"Everybody's got a Bellini"
Welcome to Collinwood
Review by Ross Anthony

Establishing itself as a fun quirky comedy, brilliant-plan-gone-awry picture in its very first stagnant shot of four worn, torn and dirtied losers, the film keeps its promise with only one exception.

Scumbag Cosimo (Guzman) finds himself in a squad car after a failed car theft. This bumblingly fun opening dips quickly into a stale 5 to 10 minutes of talking heads as his fiancee on the outside recruits a gang of lowlife (yet charming) thugs to pull a job Cosimo learned about from a lifer. It's a "Bellini," many such underworld maneuvers in the film are given the names of their makers. The names are cute but don't add up to much.

Not to worry, once over the dry patch, "Collinwood" picks up momentum, wobbling amusingly like a bent-axled jalopy. Most of the characters are carefully crafted, though degenerates, they grow on you like hair.

Surprising, amusing and odd, the plot plays rather unpredictable, purposely misfiring like an old Cleveland V-8.

Produced by George Clooney, his contributions in front of the camera are fun but short-lived. As the safecracking expert Jerzy, he reviews some raw 16mm footage of a rich man dialing the combination of a safe. When asked what he thinks, Jerzy responds, "As a film...it's a disaster."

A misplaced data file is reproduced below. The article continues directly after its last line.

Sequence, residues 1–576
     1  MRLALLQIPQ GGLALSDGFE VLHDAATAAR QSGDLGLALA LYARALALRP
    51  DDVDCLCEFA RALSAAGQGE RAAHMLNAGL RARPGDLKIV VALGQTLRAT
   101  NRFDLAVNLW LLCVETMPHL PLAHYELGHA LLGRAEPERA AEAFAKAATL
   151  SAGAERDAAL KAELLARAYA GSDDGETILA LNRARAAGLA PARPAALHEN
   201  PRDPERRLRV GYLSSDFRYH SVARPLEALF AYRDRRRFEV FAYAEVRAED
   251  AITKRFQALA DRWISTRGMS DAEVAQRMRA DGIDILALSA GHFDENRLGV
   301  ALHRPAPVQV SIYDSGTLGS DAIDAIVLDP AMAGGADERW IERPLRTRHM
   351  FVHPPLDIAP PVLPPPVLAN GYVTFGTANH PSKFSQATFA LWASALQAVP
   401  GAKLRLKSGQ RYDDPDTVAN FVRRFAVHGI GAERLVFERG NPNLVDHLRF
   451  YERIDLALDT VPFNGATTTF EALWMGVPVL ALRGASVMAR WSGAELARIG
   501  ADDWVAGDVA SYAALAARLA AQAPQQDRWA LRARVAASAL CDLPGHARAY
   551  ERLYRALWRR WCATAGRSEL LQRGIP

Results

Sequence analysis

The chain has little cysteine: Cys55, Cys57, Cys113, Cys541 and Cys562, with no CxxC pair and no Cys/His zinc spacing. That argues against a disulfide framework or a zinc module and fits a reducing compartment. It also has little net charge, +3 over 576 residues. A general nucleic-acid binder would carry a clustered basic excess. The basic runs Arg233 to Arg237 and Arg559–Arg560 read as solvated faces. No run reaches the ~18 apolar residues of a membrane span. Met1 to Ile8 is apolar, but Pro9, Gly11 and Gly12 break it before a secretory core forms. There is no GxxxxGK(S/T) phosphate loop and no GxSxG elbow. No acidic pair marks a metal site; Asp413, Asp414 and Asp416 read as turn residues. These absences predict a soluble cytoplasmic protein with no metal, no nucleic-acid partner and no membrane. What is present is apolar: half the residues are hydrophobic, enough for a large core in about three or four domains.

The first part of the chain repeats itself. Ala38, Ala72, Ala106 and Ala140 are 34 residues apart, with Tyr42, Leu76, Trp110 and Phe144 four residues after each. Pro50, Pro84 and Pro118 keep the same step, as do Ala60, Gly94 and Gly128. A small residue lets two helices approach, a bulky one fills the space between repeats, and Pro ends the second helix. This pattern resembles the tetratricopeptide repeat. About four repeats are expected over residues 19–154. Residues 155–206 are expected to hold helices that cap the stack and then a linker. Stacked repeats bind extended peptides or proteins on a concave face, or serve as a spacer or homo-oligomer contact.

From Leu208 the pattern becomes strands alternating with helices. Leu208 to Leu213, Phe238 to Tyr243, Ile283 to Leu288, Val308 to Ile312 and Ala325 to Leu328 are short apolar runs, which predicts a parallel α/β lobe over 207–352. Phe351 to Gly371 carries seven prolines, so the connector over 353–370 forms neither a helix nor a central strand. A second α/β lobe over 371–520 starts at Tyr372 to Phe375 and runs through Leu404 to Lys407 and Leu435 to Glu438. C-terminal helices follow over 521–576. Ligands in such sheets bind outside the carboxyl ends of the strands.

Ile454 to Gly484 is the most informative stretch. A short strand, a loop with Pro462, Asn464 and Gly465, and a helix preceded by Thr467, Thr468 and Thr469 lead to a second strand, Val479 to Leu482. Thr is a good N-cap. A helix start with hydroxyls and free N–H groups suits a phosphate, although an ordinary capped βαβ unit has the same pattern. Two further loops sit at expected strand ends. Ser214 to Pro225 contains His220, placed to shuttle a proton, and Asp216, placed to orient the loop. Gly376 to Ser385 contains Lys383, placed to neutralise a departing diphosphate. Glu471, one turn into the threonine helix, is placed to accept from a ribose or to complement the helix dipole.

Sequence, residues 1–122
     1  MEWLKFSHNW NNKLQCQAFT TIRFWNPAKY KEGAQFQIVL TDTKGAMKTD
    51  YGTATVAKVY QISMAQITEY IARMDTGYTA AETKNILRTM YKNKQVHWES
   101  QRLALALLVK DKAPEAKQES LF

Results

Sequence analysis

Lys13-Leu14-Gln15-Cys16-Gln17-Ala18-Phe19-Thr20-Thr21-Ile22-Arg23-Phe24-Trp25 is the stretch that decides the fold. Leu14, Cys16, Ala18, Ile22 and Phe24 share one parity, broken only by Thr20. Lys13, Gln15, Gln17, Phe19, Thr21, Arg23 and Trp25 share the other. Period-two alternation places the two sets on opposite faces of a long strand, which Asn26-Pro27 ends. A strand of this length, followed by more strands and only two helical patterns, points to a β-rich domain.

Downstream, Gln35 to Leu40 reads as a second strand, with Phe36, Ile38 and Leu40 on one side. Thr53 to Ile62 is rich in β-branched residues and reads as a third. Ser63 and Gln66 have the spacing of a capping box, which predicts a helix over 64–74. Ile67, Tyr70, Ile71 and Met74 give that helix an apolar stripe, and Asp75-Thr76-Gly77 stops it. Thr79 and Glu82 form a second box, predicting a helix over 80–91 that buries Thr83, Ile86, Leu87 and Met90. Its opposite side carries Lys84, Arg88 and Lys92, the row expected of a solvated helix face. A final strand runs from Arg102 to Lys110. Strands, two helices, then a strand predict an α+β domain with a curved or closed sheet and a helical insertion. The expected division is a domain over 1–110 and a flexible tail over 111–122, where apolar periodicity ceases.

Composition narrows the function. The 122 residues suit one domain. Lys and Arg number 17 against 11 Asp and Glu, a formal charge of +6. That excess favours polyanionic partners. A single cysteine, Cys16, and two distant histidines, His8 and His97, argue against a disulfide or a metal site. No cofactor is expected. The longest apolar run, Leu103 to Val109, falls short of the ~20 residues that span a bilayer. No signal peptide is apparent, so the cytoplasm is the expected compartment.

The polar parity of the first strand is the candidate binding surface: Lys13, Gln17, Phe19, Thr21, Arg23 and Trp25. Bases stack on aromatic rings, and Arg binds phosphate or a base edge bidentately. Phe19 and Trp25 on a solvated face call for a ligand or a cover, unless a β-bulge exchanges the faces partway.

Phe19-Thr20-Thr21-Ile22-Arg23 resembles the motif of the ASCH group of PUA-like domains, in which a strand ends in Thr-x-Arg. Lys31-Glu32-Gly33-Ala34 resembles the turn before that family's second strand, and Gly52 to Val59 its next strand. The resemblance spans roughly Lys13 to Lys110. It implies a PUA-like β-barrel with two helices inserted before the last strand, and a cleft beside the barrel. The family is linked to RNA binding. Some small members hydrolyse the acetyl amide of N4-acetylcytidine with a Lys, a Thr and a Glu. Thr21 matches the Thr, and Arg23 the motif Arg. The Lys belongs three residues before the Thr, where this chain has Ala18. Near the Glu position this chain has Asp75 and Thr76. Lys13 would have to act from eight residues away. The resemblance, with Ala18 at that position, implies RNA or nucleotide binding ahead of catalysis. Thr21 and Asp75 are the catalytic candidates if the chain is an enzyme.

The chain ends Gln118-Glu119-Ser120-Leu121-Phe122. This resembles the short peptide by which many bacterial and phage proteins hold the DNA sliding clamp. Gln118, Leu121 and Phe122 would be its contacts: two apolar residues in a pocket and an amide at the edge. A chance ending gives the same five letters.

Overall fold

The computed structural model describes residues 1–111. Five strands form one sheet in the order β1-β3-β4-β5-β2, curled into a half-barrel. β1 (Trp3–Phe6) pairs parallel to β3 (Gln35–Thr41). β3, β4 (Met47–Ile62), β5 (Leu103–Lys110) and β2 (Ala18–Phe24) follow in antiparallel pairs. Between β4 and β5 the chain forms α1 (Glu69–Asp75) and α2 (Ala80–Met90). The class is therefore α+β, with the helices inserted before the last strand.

But it's Sam Rockwell as the pretty boy, would-be boxer Pero and Michael Jeter as Toto, the geriatric thief, that give the film its brightest sparks. The dance club scene in which Pero smiles his way out of a confrontation with hard nose detective Babbage made me laugh so hard, tears ran down my cheeks. A brilliant job on Rockwell's part.

All in all, the tears of laughter nudge this crime-farce up into the A minus range.

Toto encourages a new father in danger of incarceration, "That prison's got a nice nursery ... I was born there."

  • Welcome to Collinwood. Copyright © 2002. Rated R.
  • Starring Sam Rockwell, Michael Jeter, William H. Macy, William Guzman, Patricia Clarkson, Isaiah Washington, Andrew Davoli, Jennifer Esposito, Gabrielle Union.
  • Written and directed by Anthony and Joe Russo.
  • Produced by George Clooney and Steven Soderbergh at Padnoa/H5B5/Sectin Eight/Warner Bros. Pictures.


Copyright © 2001. Ross Anthony, currently based in Los Angeles, has scripted and shot documentaries, music videos, and shorts in 35 countries across North America, Europe, Africa and Asia. For more reviews visit: RossAnthony.com

chili4 special olympians
power5 ra hforh radiop

Last Modified: Saturday, 16-Sep-2006 07:49:50 PDT